In each of the 9 cadaveric heads, excellent exposure of the target vessels was achieved. The transplanum, transtuberculum, and transcavernous approaches were used to explore the feasibility of anterior circulation access. Application of aneurysm clips was readily possible to the ophthalmic artery, A1 and A2 segments of the anterior cerebral artery, anterior communicating artery complex, and the paraclinoid and paraclival internal carotid artery. The transclival approach was explored, and clips were successfully deployed along the proximal branches of the vertebrobasilar system and basilar trunk and bifurcation. The median sizes of skull base craniectomy necessary for exposure of the anterior communicating artery complex and basilar tip were 3.24 cm2 and 4.62 cm2, respectively. The mean angles of surgical corridors to the anterior communicating artery complex and basilar tip were 11.4° and 14°, respectively. Although clip placement was feasible on the basilar artery and its branches, the associated perforating arteries were difficult to visualize, posing unexpected difficulty for safe clip application, with the exception of ventrolateral-pointing aneurysms.
The authors characterize the feasibility of endonasal endoscopic clip ligation of aneurysms involving the paraclinoid, anterior communicating, and basilar arteries and proximal control of the paraclival internal carotid artery. The endoscopic approach should be initially considered for nonruptured aneurysms involving the paraclinoid and anterior communicating arteries, as well as ventrolateral basilar trunk aneurysms. Clinical experience will be mandatory to determine the applicability of this approach in practice.
Hitoshi Fukuda, Alexander I. Evins, Koichi Iwasaki, Itaro Hattori, Kenichi Murao, Yoshitaka Kurosaki, Masaki Chin, Philip E. Stieg, Sen Yamagata and Antonio Bernardo
Occipital artery–posterior inferior cerebellar artery (OA-PICA) bypass is a technically challenging procedure for posterior fossa revascularization. The caudal loop of the PICA is considered the optimal site for OA-PICA anastomosis, however its absence can increase the technical difficulty associated with this procedure. The use of the far-lateral approach for accessing alternative anastomosis sites in OA-PICA bypass in patients with absent or unavailable caudal loops of PICA is evaluated.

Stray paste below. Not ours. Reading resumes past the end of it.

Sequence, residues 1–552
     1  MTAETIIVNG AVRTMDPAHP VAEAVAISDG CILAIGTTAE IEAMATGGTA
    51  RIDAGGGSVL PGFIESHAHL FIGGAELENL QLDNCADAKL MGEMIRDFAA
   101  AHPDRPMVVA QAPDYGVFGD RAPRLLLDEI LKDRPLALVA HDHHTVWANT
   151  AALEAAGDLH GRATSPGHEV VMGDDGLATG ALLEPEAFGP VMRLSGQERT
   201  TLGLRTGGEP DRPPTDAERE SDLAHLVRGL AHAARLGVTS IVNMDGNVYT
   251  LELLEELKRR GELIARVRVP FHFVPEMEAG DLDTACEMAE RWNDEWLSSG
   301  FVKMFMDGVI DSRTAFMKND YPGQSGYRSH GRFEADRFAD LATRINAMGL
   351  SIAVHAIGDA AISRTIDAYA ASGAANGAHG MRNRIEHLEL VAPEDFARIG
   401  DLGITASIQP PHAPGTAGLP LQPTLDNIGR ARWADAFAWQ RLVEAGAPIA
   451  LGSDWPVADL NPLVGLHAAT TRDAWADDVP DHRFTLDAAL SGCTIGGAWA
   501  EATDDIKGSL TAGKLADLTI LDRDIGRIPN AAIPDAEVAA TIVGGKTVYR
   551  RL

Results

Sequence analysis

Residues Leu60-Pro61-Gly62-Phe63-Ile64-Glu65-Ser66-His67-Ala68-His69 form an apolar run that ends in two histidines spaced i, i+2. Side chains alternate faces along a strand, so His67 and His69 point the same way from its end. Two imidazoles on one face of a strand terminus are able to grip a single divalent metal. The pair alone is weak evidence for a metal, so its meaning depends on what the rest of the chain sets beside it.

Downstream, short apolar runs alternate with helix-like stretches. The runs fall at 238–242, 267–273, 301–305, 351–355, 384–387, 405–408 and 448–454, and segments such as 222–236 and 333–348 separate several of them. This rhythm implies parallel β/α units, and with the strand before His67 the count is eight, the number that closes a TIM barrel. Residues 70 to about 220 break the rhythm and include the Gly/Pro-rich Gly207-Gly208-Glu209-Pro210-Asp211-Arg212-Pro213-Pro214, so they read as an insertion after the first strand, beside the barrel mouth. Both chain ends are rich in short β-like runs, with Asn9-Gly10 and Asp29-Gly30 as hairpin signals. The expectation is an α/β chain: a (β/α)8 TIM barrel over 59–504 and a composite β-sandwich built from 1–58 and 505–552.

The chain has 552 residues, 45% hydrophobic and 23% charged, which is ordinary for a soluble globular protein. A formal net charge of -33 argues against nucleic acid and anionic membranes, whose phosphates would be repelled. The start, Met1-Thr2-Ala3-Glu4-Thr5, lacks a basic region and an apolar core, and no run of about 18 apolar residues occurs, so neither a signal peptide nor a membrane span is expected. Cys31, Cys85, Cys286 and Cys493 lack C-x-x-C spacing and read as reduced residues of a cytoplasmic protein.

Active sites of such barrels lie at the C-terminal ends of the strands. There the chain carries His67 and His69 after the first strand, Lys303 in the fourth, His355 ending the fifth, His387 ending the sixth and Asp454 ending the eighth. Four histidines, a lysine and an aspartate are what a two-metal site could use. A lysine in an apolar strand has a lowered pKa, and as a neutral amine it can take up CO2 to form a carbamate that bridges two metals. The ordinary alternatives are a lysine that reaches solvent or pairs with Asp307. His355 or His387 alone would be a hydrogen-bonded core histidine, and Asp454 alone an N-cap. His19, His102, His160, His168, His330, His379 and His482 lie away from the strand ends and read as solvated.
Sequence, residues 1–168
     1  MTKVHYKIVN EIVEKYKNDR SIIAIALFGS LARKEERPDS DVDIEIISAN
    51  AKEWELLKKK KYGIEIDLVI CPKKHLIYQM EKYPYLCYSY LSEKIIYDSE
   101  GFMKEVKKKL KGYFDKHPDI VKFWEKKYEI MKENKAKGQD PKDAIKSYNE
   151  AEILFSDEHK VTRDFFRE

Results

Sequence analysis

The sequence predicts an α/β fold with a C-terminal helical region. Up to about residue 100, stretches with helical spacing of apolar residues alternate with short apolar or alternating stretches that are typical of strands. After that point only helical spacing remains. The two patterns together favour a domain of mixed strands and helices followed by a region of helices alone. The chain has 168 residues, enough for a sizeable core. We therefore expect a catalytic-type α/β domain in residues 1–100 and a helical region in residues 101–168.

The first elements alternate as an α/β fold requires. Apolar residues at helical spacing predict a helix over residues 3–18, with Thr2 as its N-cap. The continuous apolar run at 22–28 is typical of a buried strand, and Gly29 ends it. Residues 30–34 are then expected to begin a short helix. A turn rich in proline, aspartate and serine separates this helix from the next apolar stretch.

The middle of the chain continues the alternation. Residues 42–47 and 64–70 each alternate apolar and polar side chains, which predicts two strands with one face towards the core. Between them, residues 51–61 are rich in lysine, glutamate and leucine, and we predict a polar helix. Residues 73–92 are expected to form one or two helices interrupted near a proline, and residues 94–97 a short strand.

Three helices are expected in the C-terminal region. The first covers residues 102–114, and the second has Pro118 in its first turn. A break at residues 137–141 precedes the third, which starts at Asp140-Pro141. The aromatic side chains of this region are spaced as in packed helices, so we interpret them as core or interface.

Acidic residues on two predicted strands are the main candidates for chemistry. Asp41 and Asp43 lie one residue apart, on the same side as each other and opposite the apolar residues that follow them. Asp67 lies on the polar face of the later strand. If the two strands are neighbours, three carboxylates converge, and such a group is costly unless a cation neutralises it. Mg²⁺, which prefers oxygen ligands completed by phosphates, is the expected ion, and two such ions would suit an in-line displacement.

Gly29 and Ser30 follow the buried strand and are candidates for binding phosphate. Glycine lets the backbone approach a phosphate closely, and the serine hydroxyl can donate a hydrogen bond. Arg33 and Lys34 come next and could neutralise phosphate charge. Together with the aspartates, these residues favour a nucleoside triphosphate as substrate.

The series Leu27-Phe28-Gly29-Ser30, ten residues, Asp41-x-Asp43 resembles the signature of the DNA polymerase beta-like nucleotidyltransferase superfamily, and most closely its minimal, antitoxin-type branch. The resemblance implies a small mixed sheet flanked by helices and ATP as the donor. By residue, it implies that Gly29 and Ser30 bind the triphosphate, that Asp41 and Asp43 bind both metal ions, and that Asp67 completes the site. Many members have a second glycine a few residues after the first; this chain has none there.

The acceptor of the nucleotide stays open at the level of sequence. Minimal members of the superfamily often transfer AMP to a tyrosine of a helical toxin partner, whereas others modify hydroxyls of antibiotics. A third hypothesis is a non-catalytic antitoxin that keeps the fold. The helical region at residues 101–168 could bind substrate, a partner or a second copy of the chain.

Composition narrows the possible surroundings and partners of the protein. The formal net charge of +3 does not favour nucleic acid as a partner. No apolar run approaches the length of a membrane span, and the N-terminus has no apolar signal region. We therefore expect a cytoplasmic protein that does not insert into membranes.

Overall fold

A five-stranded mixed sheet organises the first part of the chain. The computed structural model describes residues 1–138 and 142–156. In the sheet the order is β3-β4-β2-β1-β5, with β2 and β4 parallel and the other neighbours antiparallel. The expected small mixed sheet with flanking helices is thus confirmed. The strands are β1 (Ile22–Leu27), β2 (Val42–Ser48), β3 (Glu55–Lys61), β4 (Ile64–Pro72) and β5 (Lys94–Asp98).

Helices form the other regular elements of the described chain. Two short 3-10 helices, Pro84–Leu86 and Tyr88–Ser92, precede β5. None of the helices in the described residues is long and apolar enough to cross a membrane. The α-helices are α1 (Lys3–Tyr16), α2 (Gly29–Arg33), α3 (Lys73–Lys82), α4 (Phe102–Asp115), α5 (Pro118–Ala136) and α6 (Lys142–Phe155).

A morphometric analysis of OA-PICA bypass with anastomosis on each segment of the PICA was performed on 5 cadaveric specimens through the conventional midline foramen magnum and far-lateral approaches. The difficulty level associated with anastomoses at each segment was qualitatively assessed in each approach for exposure and maneuverability by multiple surgeons. A series of 8 patients who underwent OA-PICA bypass for hemodynamic ischemia or ruptured dissecting posterior fossa aneurysms are additionally reviewed and described, and the clinical significance of the caudal loop of PICA is discussed.
Anastomosis on the caudal loop could be performed more superficially than on any other segment (p < 0.001). A far-lateral approach up to the medial border of the posterior condylar canal provided a 13.5 ± 2.2–mm wider corridor than the conventional midline foramen magnum approach, facilitating access to alternative anastomosis sites. The far-lateral approach was successfully used for OA-PICA bypass in 3 clinical cases whose caudal loops were absent, whereas the midline foramen magnum approach provided sufficient exposure for caudal loop bypass in the remaining 5 cases.
The absence of the caudal loop of the PICA is a major contributing factor to the technical difficulty of OA-PICA bypass. The far-lateral approach is a useful surgical option for OA-PICA bypass when the caudal loop of the PICA is unavailable.
A. Gabriella Wernicke, Andrew W. Smith, Shoshana Taube, Menachem Z. Yondorf, Bhupesh Parashar, Samuel Trichter, Lucy Nedialkova, Albert Sabbas, Paul Christos, Rohan Ramakrishna, Susan C. Pannullo, Philip E. Stieg and Theodore H. Schwartz
Managing patients whose intraparenchymal brain metastases recur after radiotherapy remains a challenge. Intraoperative cesium-131 (Cs-131) brachytherapy performed at the time of neurosurgical resection may represent an excellent salvage treatment option. The authors evaluated the outcomes of this novel treatment with permanent intraoperative Cs-131 brachytherapy.